Gamification is a broad term, so I should mention that I mean it here in relation to the use of competitions and leaderboards to motivate your sales team.
Alright, that’s all I’ve got for housekeeping. Start the clock.
4 Truths About the Michigan-Notre Dame Game & Sales Gamification:
1. It might seem like you have an endless amount of time to dwell on a win or loss – especially when it may be your last time having a particular contest – but you need to honor the 24-hour rule.
The 24-hour rule in football goes like this: You have 24 hours after a win to celebrate, a loss to cry. Then move on to the next opponent.
That means even though this may be the last time we’ll see Notre Dame in the Big House, both sides have 24 hours to really focus on the outcome. Yes, the winner still has gloating rights in the future. But starting Sunday, Michigan needs to turn its primary attention to Akron and Notre Dame, to Purdue.
The same goes for sales gamification. Just because a sales rep won the last competition doesn’t mean he can relax in the next one, and in the case of bottom performers, self-pity can’t persist. Both sides need to direct productivity toward the next initiative leadership wants to motivate.
2. Bragging rights are worth at least $423.17.
The average asking price for a ticket to the big game? You guessed it: $423.17. And when it comes down to it, what are fans getting out of it? Sure, entertainment. Yes, history. But it all comes down to bragging rights.
Even out of those willing to pay lofty prices for the sake of watching history, when you drill deep, I’d argue that most simply want to say they were there – at the last game Notre Dame is set to play in the Big House. After all, if it were for the sake of history itself, well, let’s be honest – history is made every Saturday this time of year.
With sales gamification, we instruct people more than often not to get caught up in choosing glamorous prizes. We have story after story about clients getting their teams engaged around things like key sales initiatives or CRM adoption, using minimal incentives. And we’re talking prizes like bragging rights and $10 gift cards.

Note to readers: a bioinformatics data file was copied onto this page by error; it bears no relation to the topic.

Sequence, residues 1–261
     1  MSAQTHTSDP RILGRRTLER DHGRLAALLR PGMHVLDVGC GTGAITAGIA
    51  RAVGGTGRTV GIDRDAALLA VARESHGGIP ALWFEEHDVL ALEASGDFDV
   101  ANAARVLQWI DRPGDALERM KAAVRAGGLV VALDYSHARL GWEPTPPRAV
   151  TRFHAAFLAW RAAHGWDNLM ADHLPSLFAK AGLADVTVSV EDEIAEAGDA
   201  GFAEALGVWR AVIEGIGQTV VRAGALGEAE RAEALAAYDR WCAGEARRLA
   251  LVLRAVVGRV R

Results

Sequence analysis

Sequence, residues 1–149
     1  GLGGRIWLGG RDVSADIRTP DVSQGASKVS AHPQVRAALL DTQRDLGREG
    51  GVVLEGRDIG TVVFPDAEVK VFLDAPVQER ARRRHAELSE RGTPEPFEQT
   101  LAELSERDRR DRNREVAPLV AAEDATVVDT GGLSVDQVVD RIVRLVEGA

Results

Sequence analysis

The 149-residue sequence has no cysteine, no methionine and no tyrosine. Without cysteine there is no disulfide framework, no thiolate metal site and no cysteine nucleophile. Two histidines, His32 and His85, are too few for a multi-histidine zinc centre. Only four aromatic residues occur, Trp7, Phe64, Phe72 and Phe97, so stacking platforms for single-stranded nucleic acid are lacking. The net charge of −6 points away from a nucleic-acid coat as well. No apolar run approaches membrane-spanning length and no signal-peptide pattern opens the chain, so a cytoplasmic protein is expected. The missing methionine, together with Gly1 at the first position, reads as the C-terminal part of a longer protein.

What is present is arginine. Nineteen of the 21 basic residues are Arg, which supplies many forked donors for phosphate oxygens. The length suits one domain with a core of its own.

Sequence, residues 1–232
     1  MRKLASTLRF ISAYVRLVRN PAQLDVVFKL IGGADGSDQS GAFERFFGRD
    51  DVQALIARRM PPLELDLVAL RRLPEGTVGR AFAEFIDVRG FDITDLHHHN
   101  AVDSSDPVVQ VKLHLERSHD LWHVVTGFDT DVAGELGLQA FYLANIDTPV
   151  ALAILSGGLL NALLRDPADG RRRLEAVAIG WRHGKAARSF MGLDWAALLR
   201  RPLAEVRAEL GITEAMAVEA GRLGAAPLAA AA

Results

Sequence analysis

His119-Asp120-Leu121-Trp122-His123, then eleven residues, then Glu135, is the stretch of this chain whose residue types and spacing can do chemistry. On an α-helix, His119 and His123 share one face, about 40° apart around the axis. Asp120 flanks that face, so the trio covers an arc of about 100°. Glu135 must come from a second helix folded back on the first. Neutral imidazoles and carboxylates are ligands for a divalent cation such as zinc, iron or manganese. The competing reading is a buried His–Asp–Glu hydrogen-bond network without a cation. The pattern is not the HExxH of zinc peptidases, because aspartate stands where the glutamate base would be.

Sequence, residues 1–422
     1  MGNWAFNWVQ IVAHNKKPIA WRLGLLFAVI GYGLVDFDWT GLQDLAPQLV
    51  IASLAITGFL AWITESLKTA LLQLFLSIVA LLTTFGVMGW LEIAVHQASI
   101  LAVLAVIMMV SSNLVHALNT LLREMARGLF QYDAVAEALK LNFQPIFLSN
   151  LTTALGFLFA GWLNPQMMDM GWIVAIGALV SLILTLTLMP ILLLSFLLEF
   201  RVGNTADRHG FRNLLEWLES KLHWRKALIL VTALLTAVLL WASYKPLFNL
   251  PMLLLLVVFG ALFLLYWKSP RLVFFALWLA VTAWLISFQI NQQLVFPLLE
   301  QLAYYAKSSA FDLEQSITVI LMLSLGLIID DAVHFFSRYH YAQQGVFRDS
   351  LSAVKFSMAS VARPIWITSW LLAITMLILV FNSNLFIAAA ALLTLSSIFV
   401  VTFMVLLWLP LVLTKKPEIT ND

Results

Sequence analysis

3. People are so competitive, they’ll compete over something that will never even have a determined winner.
Michigan and Notre Dame both claim to have the best fight songs. No contests or statistics exist to actually compare the songs; nobody will ever know which really wins. Yet, the rivalry between bands stands nearly as large as that between the players.
As for your sales reps, they’re competing right now, regardless of whether you’re running a contest. Gamifying your work environment simply means tapping into that. The great thing about it? When you do implement competitions, your team has the means to determine a winner. Just wait to see what they’ll do.
4. If your team gets fired up to compete, and you discount the rivalry, you’re simply going to irritate people. (Note: This even applies if you change your mind later on).
On the football side… enough said.
In the workplace, a leader who knows how to leverage sales gamification will promote the competition. Show competitors’ faces on real-time leaderboards, encourage a bit of trash talking on platforms like Salesforce’s Chatter and keep your team motivated in return.
So, there you have it: four truths that apply to both the Michigan-Notre Dame game and sales gamification. I hope you learned something new about motivating your team. Now go put it to work!
And in conclusion, Go Blue.